Moisture deficit curbs sorghum plantings

Neil Lyon, November 17, 2017

THE chance of rain this weekend throughout the northern, summer cropping zone will be welcomed in many districts where moisture has been an issue for this season’s sorghum plantings.

On Queensland’s Darling Downs, Dalby Rural Supplies head agronomist, Andrew Johnson, said a significant area of sorghum had gone in where there had been reasonable sowing rain, but conditions were marginal in those areas that didn’t get the big rain.

Mr Johnson said there had been a substantial move towards sorghum this spring over cotton, mainly off the back of early, bullish sorghum prices, although sorghum had since come back $60-$70/tonne from early spring levels and cotton had rallied over the last few weeks to over $500/bale.

“But it really is a moisture thing at the moment. Most of the irrigators who have water have gone with cotton, but there has been a general swing back to grain,” he said.

“If we get some good rain there might be some fallow cropping or short planting go in.

“It has been a challenging month because we had quite good rain a month ago, but very windy, cool conditions over the last few weeks have really dried the topsoil out.

“There has been a bit of replanting and some irrigators have had to flush up some country they thought would be wet enough, but had dried out on top.”

At nearby Brookstead, Vary Agricultural agronomist, Greg McNamara, said with the good rains in October, everywhere where fallow country had been put aside for sorghum had gone in.

“Some of it was marginal for planting moisture within the last week or so, but if we get rain this weekend that will improve that out of sight. The price of feed grains is what is driving it,” he said.

“Growers have harvested their wheat, and if they get some good rain through the rest of November and December like they are talking about, there will definitely be a January plant of sorghum as well on wheat ground. If we get rain in late December, some of that area may go into mungbeans.

“In general, there will be a fair bit of wheat country double cropped wherever they can.”

Mr McNamara said growers were happy with how their crops were going and were looking forward to a promising summer cropping season.

“They have left behind a disappointing winter crop and last summer was unbelievably hot. There was a lot of sorghum cooked in the boot and a lot of cotton suffered badly,” he said.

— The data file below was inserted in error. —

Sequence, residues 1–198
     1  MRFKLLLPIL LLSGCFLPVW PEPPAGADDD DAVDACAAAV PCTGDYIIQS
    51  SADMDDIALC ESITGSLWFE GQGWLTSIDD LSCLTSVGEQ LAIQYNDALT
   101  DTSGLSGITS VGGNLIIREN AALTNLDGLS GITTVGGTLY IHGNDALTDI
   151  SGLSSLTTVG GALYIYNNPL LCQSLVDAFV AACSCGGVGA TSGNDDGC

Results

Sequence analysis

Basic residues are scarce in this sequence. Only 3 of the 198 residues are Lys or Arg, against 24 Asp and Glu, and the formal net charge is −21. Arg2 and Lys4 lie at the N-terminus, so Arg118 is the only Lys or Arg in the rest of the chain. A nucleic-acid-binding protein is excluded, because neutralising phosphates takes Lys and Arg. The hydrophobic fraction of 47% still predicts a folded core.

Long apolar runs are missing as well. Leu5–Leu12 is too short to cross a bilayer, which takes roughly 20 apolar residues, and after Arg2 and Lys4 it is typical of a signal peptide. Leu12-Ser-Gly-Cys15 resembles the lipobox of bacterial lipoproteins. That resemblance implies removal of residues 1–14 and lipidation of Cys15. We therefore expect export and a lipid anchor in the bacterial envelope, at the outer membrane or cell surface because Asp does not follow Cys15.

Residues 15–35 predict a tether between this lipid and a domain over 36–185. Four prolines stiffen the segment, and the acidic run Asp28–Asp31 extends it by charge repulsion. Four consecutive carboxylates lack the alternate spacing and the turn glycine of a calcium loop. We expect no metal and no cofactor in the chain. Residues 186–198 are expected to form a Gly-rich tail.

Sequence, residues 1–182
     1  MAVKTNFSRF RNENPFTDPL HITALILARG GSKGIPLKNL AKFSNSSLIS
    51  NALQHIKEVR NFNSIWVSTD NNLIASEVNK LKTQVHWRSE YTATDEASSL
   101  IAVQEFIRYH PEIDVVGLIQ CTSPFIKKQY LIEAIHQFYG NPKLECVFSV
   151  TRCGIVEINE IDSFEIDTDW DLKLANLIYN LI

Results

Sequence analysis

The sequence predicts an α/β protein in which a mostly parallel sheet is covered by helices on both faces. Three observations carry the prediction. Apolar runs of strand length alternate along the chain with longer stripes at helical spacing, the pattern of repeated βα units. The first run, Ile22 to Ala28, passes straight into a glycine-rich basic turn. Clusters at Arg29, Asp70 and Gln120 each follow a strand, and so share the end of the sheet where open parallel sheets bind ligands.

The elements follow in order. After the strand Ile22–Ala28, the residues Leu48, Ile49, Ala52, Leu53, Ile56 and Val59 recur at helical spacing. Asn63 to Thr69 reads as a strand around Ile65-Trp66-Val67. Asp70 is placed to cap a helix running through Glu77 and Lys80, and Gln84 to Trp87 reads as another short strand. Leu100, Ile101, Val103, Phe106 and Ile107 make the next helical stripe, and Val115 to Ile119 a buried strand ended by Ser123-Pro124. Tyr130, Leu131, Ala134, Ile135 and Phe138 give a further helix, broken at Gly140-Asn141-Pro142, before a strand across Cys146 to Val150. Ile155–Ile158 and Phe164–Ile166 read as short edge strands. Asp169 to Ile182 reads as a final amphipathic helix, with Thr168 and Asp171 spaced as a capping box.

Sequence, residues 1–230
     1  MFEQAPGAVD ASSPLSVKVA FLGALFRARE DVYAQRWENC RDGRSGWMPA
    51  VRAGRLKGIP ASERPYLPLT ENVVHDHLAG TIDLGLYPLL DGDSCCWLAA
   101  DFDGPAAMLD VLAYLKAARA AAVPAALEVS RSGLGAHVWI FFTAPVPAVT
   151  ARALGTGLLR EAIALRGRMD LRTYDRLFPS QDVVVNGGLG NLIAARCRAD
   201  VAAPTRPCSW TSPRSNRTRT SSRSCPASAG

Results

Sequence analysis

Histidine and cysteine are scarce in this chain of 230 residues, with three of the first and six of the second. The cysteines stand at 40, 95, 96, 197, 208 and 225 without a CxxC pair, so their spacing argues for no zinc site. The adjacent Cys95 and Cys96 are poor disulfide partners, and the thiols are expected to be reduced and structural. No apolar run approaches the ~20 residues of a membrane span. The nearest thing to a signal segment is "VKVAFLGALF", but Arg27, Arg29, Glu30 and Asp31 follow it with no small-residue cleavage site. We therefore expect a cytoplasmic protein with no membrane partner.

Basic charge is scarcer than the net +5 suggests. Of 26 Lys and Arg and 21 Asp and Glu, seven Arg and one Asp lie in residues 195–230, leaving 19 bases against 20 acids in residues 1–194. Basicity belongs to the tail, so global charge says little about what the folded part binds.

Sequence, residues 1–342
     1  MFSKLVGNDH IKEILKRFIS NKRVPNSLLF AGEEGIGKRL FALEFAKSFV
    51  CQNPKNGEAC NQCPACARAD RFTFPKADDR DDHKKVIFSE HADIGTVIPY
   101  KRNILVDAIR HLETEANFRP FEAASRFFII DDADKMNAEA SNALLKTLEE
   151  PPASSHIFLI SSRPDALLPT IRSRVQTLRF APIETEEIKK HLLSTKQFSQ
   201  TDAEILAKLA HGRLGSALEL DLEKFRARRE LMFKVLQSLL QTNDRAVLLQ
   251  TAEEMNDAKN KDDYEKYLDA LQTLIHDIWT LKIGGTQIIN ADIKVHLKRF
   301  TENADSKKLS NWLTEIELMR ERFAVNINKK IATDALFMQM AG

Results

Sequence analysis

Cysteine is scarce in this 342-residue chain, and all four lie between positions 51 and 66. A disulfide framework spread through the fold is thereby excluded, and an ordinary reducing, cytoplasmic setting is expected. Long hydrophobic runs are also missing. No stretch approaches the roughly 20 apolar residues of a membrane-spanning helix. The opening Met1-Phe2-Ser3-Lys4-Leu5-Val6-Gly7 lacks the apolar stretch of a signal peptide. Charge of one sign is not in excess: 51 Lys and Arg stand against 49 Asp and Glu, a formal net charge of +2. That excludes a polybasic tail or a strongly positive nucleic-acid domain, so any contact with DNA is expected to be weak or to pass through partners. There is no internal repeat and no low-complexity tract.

In north west New South Wales, Landmark agronomist at Moree, Gary Onus, said a lack of moisture had meant only a limited area of sorghum had gone in.

“Sorghum plantings in the eastern areas are still below what they normally would be. The sorghum that is in and up looks okay. If the forecast is right, there is supposed to be a reasonable amount of rain tomorrow,” he said.

“The people out west won’t put big acreages of summer crop in. They don’t have the moisture underneath. It would be very risky to put a heap of summer crop in, so most of that country will be fallowed through to winter crop next year.”

Peter McKenzie

Moisture has also been the issue further south on the Liverpool Plains where senior agronomist, Pete McKenzie, Quirindi, said some sorghum had gone in, but plantings were likely to be back to average, or below average.

“Generally, most people’s long fallow has gone in and a portion of the double crop. A lot of people are waiting for more rain to fill profiles for the double crop plantings,” he said.

“We haven’t got the moisture. One grower last year had half his farm to sorghum. This year he hasn’t planted yet because he is worried about not having enough moisture to grow the crop.

“At this stage, even the long fallow crops aren’t on convincing moisture. Unless we get significant rainfall in the next eight weeks the crops will be back a fair way on yield potential, although it can all turn around in a week.”


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